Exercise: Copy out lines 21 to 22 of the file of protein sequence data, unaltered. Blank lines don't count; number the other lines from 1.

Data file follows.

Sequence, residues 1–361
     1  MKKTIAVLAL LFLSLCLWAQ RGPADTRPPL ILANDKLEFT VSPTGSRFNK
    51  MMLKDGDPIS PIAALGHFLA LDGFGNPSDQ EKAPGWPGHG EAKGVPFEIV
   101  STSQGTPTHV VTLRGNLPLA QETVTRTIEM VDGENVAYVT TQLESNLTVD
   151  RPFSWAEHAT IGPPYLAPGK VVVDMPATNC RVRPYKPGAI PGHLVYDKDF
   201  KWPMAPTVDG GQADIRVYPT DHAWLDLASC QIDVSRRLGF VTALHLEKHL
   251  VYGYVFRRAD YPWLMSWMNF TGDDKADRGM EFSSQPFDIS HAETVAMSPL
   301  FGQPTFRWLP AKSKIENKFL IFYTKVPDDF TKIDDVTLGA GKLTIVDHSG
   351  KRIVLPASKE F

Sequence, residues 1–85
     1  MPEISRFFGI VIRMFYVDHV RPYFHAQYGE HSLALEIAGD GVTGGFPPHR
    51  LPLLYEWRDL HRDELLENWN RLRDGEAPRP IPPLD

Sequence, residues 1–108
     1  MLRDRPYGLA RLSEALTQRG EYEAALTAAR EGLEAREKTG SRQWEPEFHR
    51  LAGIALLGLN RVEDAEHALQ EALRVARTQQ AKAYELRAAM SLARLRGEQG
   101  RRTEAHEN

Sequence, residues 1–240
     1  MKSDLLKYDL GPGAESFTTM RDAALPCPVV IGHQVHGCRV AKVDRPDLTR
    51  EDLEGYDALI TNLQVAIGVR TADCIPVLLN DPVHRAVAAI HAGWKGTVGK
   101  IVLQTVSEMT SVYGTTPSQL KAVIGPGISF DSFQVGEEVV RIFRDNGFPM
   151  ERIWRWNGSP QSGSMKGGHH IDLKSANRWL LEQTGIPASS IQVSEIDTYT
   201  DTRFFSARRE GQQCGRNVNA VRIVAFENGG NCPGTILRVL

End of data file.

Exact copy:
   151  ERIWRWNGSP QSGSMKGGHH IDLKSANRWL LEQTGIPASS IQVSEIDTYT
   201  DTRFFSARRE GQQCGRNVNA VRIVAFENGG NCPGTILRVL